A 25-minute steam in the sauna could be just as beneficial for heart health as a moderate physical workout, researchers at Martin Luther University Halle-Wittenberg and the Medical Center Berlin have found.
Lead investigator and sports scientist Sascha Ketelhut, PhD, and colleagues found that, contrary to popular belief, a person’s blood pressure doesn’t drop during a sauna visit—it rises. Their study of 19 healthy volunteers suggested both sauna sessions and exercise raise BP levels and heart rate in a comparable way, dropping below participants’ baseline levels after either activity.
Ketelhut said in a release that scientists previously assumed sauna steams raised BP because, logically, heat would dilate a person’s blood vessels, causing their blood pressure to plummet. Patients with low BP have historically been advised against using saunas, since a further drop in BP could cause them to faint.
“However, it is important to distinguish between the acute effects of a sauna session and the effects that were noted during the rest period after the sauna session,” Ketelhut said. “Many previous assumptions have been made about the acute effects of sauna use, but so far little research has been done.”
Ketelhut et al.’s study participants were exposed to two scenarios: one in which they underwent a 25-minute sauna session and the other during which they completed a short workout on an exercise bike. In both situations, subjects’ blood pressure and heart rate were continuously measured.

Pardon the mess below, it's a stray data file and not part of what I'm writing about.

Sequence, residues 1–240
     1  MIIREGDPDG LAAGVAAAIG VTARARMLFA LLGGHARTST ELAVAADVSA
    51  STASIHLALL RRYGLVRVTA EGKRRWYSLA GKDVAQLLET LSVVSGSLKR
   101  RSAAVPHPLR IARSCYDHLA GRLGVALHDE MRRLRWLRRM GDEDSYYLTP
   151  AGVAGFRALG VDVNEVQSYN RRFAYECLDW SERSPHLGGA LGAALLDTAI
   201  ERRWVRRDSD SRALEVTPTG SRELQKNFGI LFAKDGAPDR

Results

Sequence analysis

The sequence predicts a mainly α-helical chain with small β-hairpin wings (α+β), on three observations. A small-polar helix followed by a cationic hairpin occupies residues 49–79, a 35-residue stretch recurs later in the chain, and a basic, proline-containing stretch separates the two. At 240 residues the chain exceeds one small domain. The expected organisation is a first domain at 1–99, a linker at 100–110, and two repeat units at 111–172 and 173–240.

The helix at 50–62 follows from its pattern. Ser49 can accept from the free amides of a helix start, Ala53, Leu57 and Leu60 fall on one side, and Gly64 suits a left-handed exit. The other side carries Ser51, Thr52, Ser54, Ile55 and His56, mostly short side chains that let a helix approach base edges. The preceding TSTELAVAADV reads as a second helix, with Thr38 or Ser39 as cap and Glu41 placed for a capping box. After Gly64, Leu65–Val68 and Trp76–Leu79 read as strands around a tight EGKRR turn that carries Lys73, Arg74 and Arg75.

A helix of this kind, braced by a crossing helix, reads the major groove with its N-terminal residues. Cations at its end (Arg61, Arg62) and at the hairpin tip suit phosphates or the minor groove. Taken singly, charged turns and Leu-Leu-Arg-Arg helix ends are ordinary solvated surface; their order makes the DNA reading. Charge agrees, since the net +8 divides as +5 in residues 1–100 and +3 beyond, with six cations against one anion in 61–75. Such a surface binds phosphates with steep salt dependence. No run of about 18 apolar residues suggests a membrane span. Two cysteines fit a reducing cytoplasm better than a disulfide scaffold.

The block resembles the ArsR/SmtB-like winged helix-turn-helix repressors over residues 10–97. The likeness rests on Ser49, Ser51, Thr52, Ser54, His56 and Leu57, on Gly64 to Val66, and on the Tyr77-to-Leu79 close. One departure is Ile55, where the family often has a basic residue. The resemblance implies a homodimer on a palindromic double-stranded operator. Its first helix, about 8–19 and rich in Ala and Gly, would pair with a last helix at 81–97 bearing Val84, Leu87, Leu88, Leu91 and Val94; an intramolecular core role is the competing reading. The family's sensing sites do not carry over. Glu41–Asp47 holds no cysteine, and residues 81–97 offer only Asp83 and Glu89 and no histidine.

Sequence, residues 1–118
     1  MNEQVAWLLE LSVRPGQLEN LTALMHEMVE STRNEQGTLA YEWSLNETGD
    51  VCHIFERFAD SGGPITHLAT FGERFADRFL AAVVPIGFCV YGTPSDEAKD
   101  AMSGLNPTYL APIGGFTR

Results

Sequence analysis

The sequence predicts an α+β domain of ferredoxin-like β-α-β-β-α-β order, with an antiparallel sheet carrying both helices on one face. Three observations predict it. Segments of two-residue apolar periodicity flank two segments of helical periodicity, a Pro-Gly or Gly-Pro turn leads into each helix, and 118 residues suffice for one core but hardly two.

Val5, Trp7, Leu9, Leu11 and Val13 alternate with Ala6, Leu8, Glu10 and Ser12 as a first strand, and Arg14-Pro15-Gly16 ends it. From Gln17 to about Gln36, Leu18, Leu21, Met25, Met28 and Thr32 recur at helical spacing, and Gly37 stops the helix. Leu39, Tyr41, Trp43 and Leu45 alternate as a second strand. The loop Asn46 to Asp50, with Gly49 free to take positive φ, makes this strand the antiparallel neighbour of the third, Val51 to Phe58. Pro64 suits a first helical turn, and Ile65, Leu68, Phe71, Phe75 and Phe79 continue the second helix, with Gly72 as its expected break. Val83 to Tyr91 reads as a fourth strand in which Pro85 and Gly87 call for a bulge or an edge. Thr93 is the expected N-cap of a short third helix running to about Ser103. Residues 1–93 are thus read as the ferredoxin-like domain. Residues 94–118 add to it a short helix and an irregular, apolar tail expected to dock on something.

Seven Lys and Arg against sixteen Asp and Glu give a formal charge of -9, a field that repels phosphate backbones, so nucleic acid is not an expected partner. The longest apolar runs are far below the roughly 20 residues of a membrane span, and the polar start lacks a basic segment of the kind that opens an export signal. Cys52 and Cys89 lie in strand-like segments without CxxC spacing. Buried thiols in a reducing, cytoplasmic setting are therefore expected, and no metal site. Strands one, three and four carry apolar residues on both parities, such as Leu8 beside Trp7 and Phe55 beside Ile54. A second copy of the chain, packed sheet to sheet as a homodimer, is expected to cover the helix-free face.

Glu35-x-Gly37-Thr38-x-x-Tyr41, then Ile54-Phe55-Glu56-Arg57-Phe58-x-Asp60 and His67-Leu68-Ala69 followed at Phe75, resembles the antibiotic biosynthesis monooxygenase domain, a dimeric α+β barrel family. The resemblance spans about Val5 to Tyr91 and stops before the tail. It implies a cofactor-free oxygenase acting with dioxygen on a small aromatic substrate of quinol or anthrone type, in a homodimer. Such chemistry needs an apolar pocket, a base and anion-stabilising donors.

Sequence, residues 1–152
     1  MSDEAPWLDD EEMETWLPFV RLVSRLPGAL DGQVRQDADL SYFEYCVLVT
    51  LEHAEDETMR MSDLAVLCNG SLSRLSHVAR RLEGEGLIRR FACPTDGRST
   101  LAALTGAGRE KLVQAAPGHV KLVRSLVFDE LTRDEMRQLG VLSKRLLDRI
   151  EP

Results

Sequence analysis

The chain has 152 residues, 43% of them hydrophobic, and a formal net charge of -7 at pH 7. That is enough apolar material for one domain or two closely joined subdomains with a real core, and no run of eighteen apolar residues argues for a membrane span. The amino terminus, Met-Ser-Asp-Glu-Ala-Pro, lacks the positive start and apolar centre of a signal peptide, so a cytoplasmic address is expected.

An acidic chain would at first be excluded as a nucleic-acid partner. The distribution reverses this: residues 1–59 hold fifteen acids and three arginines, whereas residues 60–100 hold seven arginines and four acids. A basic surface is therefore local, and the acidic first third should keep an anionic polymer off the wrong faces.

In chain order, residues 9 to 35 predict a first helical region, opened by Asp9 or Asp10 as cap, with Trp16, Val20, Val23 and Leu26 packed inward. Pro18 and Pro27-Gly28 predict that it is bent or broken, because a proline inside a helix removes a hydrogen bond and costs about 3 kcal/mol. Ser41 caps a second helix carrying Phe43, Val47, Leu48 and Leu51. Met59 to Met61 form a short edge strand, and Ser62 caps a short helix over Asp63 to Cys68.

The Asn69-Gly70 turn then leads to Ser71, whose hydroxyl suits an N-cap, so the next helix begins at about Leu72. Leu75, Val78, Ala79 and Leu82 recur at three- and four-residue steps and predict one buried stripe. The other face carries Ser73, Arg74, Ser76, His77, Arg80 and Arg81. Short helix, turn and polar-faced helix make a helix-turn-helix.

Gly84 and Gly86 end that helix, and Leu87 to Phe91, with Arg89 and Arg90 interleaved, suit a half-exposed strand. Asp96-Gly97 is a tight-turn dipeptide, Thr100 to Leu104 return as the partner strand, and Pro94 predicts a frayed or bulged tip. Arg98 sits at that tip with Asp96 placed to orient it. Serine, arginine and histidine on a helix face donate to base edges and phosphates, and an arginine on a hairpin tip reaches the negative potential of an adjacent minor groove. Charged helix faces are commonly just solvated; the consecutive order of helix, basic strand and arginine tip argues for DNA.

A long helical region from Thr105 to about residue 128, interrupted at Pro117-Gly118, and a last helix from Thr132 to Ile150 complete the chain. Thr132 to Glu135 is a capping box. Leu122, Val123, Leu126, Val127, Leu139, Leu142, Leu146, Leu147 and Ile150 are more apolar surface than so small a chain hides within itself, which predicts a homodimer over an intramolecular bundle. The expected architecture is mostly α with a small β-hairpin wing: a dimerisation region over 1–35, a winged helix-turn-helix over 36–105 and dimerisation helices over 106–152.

The team found patients’ BP and heart rate both rose immediately during each activity. After a sauna visit, participants’ BP and heart rate began to drop below their baseline levels.
“Comparing the two conditions, the participants’ blood pressure and heart rate reached the same levels during the sauna session as they did with a load of about 100 watts during the exercise test,” Ketelhut said. “Saunas can actually be used by anyone who can tolerate moderate physical stress without discomfort. However, people with low blood pressure should be cautious afterwards, as their blood pressure may then fall below the levels registered before the sauna visit.”
Ketelhut said saunas do promote healthy sweating, but they’re not a path to weight loss. We technically lose weight in the sauna, he said, but that’s because we’re sweating out fluids that will later be restored. Since there’s no muscle activity involved in a sauna session, it doesn’t have significant weight-loss potential.
Ketelhut and colleagues’ results were published this June in Complementary Therapies in Medicine.